US President Barack Obama on Friday pledged with Japan's new leader to take a firm line on a defiant North Korea but the two sides also tried to calm rising tensions between Tokyo and China.
Prime Minister Shinzo Abe carefully avoided disagreements with Obama after previous Japanese governments' rifts and declared: "The alliance between Japan and the United States is back now. It's completely back."
Obama promised to work closely with the conservative leader, whose Liberal Democratic Party swept back into power in December on a platform that includes boosting defense spending and aggressively stimulating a long-flaccid economy.
"You can rest assured that you will have a strong partner in the United States throughout your tenure," Obama told Abe in the Oval Office, calling the alliance with Japan "the central foundation" for US policy in Asia.
Obama said the two leaders discussed "our concerns about the provocative actions that have been taken by North Korea and our determination to take strong actions in response."
North Korea carried out its third nuclear test on February 12, ignoring warnings even from its ally China.
Abe, who first rose to political prominence as an advocate for a tough line on North Korea, said he agreed with Obama's position of not offering "rewards" to Pyongyang and on the need for a new UN Security Council resolution.
But the White House appeared to want to lower the temperature between Japan and China, which has increasingly sent vessels near Japanese-controlled islands known as the Senkaku in Japanese and Diaoyu in Chinese.
Obama did not mention the issue but Secretary of State John Kerry, in a separate meeting with Japan's Foreign Minister Fumio Kishida, said he wanted to "compliment Japan on the restraint it has shown."
The meetings came hours after Beijing lashed out at Abe over a newspaper interview in which he charged that China would eventually hurt its investment climate through assertive actions in the region.
Abe said the US-Japan alliance was "a stabilizing factor" and -- in remarks he nudged his translator to read out -- added: "We have always been dealing with the Senkaku issue in a calm manner and we will continue to do so."
The Japanese leader later spoke in stronger terms in an address at a think tank. While saying he wanted to cooperate with China's incoming leader Xi Jinping, Abe insisted that the islands belonged to Japan.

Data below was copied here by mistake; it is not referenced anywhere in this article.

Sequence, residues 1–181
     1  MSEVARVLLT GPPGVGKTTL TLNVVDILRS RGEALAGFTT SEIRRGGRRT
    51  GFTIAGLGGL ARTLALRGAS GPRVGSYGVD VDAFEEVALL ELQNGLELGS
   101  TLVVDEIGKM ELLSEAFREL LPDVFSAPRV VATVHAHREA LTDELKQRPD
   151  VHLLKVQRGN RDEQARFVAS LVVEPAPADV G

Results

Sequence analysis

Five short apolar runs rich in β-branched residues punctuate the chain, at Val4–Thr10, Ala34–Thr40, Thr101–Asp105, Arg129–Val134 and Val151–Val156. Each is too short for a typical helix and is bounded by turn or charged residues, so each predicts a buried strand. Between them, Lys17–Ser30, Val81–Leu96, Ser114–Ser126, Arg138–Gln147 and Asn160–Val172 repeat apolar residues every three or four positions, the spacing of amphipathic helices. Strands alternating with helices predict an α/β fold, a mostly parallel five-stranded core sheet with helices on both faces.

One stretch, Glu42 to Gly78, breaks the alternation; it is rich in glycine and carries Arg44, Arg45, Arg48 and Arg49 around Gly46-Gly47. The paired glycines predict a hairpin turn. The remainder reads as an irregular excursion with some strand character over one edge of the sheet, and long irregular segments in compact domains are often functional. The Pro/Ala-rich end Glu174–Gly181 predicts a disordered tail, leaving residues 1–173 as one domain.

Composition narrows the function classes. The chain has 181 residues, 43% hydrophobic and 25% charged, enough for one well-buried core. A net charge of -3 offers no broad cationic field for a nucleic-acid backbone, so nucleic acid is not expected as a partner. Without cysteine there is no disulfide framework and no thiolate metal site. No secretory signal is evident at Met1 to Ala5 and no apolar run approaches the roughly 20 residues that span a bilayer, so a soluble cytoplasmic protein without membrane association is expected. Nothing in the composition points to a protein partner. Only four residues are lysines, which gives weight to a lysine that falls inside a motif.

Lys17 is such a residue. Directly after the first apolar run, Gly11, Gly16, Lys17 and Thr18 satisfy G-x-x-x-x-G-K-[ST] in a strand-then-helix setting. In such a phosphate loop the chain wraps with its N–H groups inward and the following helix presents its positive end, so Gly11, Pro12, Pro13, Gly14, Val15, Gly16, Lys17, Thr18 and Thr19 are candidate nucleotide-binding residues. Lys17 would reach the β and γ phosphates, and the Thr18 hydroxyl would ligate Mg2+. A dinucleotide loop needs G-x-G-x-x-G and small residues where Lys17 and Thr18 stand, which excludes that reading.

"We simply cannot tolerate any challenge now and in the future. No nation should make any miscalculation about the firmness of our resolve," Abe said at the Center for Strategic and International Studies.
The exchange marked a different tone than one month ago, when then secretary of state Hillary Clinton warned China not to challenge Japan's control of the islands, triggering a rebuke from Beijing.
Obama put a strong emphasis on Asia in his first term but has faced chronic political turbulence in Japan. Abe is the fifth Japanese prime minister since Obama was elected president.
Abe, who was also prime minister from 2006 to 2007, is known for his outspoken views on security and on World War II history -- a persistent sore point in relations with South Korea and China.
He has been more circumspect in his comments since returning to office. Abe said Friday he sought a "good relationship" with South Korea despite friction with the fellow US ally over a separate set of barely inhabited islands.
Abe also said that Japan would sign the Hague treaty on parental abductions, a key concern for US lawmakers due to Japanese courts' refusal to grant custody to foreigners.
But the Obama administration held firm on the Trans-Pacific Partnership, a proposed free trade pact that is a cornerstone of US strategy in the region.
The Liberal Democratic Party had said during the election that Japan would only enter talks if certain sectors are off the table. But the two governments issued a statement saying that no sector would have a prior exemption.
Abe, who said he would decide soon whether to join the talks, expressed assurance that the final negotiated trade pact could include exemptions.
Japan's powerful farmer lobby opposes the deal, fearing a flood of foreign competition.